The next morning I went with Fer to the university and gave Talk #2 in the Dr. Frantz and her Stromatolites South America Tour. I met Fer's academic extended family, from his PhD advisor to his current students and undergrads under his care. The excellent questions reassured me that I had made it mostly understandable. It was fun chatting with everyone and discussing the doubts that Fer's advisor had, which was good practice for the reviewer responses I needed to write up for the manuscript I had written on one of the topics I presented. He later hooked me up with tons of tips for my upcoming trip to the north of Argentina, including a field guide pointing out the location of a bunch of really nice stromatolites. Stromatolite people are good people.

Poster for the Cordoba talk
After lunch, Fer took me to the cafeteria for lunch and we reminisced about the Geobio course and how it had changed both of our lives. It certainly shaped mine. Life consists of a billion small and large decisions that subtly and dramatically alter the course our living takes. The Geobiology course was--and continues to be-- a giant magnet that pulled my life into its orbit and changed its direction in a huge way.

When I took the course, I had just finished my first year of grad school, a tough year where I spent a lot of nights sleeping in my office at the university while running all-night measurements and teaching early-morning classes on topics that I had previously known nothing about. I came to grad school with a background in engineering and a degree in chemistry. Yet the PhD project I had chosen was a pretty hardcore microbial metabolism study, and the department I was in was a geology department. I had never had a microbiology or geology class before in my life. It was a steep learning curve, and I felt like I was just barely keeping my head above water. The Geobiology course came highly recommended from  all of my mentors and I hoped that it would finally give me some background in the two subjects I was supposed to become an expert in--biology and geology. It did that, but more than that it made me fall absolutely in love with the field of geobiology, in love with the colorful and talented microorganisms that have shaped the chemistry of our planet since life's beginning, and introduced me to stromatolites, which years later would become the topic of my PhD thesis, despite spending most of my PhD working on bacterial metabolism. It also introduced me to the people who would later become my advisors, mentors, letter-of-recommendation-writers, and some of my closest friends.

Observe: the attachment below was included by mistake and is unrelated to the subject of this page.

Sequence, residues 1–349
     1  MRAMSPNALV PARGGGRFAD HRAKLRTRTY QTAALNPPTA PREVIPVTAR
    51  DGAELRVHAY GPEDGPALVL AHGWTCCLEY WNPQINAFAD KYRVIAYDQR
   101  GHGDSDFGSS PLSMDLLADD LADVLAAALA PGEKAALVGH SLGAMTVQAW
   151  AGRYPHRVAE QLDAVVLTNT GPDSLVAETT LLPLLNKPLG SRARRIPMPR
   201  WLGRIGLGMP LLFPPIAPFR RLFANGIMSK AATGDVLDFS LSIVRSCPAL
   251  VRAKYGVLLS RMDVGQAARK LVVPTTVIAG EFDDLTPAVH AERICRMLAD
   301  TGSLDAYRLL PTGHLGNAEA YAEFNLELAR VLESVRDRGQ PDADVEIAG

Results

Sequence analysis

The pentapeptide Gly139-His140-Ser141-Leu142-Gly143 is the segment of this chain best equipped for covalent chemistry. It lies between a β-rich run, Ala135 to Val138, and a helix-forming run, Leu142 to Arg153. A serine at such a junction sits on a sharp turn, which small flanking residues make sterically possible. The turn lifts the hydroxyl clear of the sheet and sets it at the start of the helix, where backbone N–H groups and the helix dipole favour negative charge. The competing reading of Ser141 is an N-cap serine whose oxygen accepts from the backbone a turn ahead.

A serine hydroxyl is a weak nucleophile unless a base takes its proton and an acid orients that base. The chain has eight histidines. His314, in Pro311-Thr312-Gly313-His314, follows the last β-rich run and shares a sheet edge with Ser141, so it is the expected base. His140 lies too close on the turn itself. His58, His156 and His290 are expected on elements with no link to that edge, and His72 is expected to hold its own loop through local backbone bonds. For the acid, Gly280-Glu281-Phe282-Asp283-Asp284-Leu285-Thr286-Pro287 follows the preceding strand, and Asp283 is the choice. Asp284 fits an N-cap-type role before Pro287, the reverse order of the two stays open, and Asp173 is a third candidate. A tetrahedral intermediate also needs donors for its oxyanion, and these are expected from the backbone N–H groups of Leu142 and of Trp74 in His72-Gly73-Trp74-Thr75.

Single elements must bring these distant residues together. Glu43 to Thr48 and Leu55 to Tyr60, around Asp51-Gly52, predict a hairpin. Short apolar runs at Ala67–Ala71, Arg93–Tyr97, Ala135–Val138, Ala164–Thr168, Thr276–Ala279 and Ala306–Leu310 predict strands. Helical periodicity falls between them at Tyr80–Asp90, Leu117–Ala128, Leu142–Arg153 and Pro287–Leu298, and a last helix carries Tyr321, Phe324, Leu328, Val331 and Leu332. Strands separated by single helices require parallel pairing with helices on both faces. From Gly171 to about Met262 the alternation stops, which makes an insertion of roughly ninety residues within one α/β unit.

More fun Geobio 2008 photos

Fer: "These are beautiful, domal, rounded, nicely formed stro..."
Richard: "Boobs?"
Fer, getting held up by a bird somewhere in Wyoming.
Will, 2008 course director, demonstrates the proper investigation of sensitive sites while Frank, current course director supervises.


In addition to the professional and academic impact, the course was a catalyst that changed my personal life as well. Being surrounded that first summer with smart, interesting, and largely well-adjusted people who liked and respected me was novel. I had spent the past three years in an intense and serious relationship with a smart, interesting, but not-so-well-adjusted boyfriend who regularly echoed the self-doubts in my own head that I was not smart enough, not good enough, not talented enough to be in grad school, to be a scientist. Who celebrated my successes by telling me that the only reason I was accepted to programs like my PhD program and the Geobiology course was because I was a girl and programs had quotas to fill. Who would yell at me for hours about how stupid I was when I would fail to do things The Right Way, like the time I hung a pot in our kitchen from The Wrong Hook and he took that as an opportunity to berate everything from my pot-hanging logic to my abilities as a scientist and my goodness as a person until I left the house crying to go sleep in my office again.